|Born:||November 15, 1950|
|Height:||5 ft 10 in (1.78 m)|
|Weight:||196 lb (89 kg)|
|High school:||Chicago (IL) Farragut|
|NFL Draft:||1973 / Round: 1 / Pick: 9|
|Career highlights and awards|
|Career NFL statistics|
|Player stats at PFR|
Otis Armstrong (born November 15, 1950) is a former American football running back in the National Football League (NFL). He was selected in the 1st round (9th overall) in the 1973 NFL Draft. He played for the Denver Broncos for his entire career from 1973 to 1980.
Before his NFL career, Armstrong played for Purdue University becoming the school's all-time leading rusher and leader in all-purpose yards. Armstrong was selected to Purdue's All-Time team in 1987 as part of a celebration of 100 years of football at Purdue. He was inducted into the Purdue Intercollegiate Athletics Hall of Fame in 1997.
|Year||Rushing Yards||Rushing TD||Receiving Yards||Receiving TD|
Armstrong finished his 3 college seasons with 4,601 All-purpose yards (3,315 rushing yards, 897 yards from kickoff returns and 389 passing yards). He also scored 24 touchdowns (17 rushing and 7 on returns). He was selected the Big Ten MVP in 1972, leading the league in rushing and total offense, while being selected 1st team All-Conference. He participated in 4 All-Star games; the Hula Bowl, the East-West Shrine Game, the Coaches' All-American Game and the Chicago College All-Star game.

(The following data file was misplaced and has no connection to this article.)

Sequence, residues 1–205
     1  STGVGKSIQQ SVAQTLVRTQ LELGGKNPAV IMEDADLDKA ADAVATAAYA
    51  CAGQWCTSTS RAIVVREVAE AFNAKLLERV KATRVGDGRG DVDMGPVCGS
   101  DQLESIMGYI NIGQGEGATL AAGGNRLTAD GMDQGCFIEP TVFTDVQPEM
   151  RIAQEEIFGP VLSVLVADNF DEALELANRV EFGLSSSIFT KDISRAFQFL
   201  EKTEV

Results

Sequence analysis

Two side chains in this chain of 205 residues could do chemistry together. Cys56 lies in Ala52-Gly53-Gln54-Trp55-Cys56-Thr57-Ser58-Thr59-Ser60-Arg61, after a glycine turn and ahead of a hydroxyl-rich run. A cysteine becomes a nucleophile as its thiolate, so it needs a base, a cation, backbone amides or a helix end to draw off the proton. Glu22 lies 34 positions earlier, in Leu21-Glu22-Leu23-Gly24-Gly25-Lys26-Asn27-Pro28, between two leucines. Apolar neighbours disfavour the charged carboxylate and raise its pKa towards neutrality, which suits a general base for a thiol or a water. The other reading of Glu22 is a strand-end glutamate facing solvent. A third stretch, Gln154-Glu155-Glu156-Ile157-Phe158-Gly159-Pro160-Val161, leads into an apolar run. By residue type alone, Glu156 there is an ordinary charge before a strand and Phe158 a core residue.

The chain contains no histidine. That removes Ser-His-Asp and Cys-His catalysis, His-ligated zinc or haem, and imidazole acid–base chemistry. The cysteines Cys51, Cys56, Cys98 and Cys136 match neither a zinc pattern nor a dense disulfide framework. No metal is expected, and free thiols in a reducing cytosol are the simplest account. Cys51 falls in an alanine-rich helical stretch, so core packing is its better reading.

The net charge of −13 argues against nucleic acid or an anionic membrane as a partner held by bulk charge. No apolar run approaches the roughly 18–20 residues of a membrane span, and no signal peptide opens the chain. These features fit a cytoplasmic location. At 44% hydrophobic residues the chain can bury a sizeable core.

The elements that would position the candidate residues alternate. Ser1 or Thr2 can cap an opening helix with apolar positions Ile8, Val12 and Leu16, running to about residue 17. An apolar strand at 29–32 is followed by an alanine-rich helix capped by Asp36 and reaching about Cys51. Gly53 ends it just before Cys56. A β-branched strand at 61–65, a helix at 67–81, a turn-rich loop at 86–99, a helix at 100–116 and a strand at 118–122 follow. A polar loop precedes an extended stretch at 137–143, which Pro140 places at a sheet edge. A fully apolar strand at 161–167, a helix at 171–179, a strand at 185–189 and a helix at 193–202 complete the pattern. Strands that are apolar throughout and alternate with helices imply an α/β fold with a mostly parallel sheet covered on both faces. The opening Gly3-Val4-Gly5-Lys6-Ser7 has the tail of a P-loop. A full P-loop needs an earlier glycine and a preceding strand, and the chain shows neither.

Over the course of his Purdue career, Armstrong became the all-time leading rusher in Big Ten Conference and Purdue history and ranked sixth in NCAA history at the time. His total of 3,315 yards in three years bettered the previous mark of 3,212 yards by Alan Ameche of Wisconsin - established in four years. He still holds the Purdue single game rushing record (276 yds vs. arch-rival Indiana.) Armstrong finished as the all-time leader in All-Purpose yards at Purdue (4,601 yds), he is currently 4th all-time.
In his second NFL season, Armstrong led the league in rushing yards (1,407) and yards per carry (5.3). In the 1977 season, he assisted the Denver Broncos to an appearance in Super Bowl XII, which they lost to the Dallas Cowboys 27-10.
Armstrong finished his 8 NFL seasons with 4,453 rushing yards, 123 receptions for 1,302 receiving yards, and 879 yards from kickoff returns. He also scored 32 touchdowns (25 rushing and 7 receiving).
- "Otis Armstrong Elected To College Football Hall Of Fame (And Other Boilermakings)". hammerandrails.com. Archived from the original on 4 March 2016. Retrieved 25 April 2018.
- "Journal & Courier". Journal & Courier. Retrieved 25 April 2018.
- "Otis Armstrong". College Football Hall of Fame. Football Foundation. Retrieved 2014-05-19.